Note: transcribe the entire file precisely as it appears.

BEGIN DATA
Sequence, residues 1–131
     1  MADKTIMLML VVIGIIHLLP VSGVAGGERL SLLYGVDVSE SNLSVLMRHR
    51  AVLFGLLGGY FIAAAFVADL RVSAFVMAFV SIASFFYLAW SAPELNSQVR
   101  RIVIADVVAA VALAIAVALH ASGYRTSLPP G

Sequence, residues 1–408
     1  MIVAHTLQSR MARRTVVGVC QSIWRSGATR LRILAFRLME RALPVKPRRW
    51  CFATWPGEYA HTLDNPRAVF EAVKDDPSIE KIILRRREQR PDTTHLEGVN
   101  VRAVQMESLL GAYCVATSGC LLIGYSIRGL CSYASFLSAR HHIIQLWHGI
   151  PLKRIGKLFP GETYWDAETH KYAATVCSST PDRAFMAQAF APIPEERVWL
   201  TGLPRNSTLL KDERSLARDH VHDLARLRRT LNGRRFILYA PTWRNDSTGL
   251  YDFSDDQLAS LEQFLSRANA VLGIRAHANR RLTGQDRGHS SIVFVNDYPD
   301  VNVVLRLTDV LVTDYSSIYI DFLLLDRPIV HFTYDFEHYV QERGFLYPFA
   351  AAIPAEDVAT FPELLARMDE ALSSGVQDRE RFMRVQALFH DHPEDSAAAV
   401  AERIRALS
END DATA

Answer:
Sequence, residues 1–131
     1  MADKTIMLML VVIGIIHLLP VSGVAGGERL SLLYGVDVSE SNLSVLMRHR
    51  AVLFGLLGGY FIAAAFVADL RVSAFVMAFV SIASFFYLAW SAPELNSQVR
   101  RIVIADVVAA VALAIAVALH ASGYRTSLPP G

Sequence, residues 1–408
     1  MIVAHTLQSR MARRTVVGVC QSIWRSGATR LRILAFRLME RALPVKPRRW
    51  CFATWPGEYA HTLDNPRAVF EAVKDDPSIE KIILRRREQR PDTTHLEGVN
   101  VRAVQMESLL GAYCVATSGC LLIGYSIRGL CSYASFLSAR HHIIQLWHGI
   151  PLKRIGKLFP GETYWDAETH KYAATVCSST PDRAFMAQAF APIPEERVWL
   201  TGLPRNSTLL KDERSLARDH VHDLARLRRT LNGRRFILYA PTWRNDSTGL
   251  YDFSDDQLAS LEQFLSRANA VLGIRAHANR RLTGQDRGHS SIVFVNDYPD
   301  VNVVLRLTDV LVTDYSSIYI DFLLLDRPIV HFTYDFEHYV QERGFLYPFA
   351  AAIPAEDVAT FPELLARMDE ALSSGVQDRE RFMRVQALFH DHPEDSAAAV
   401  AERIRALS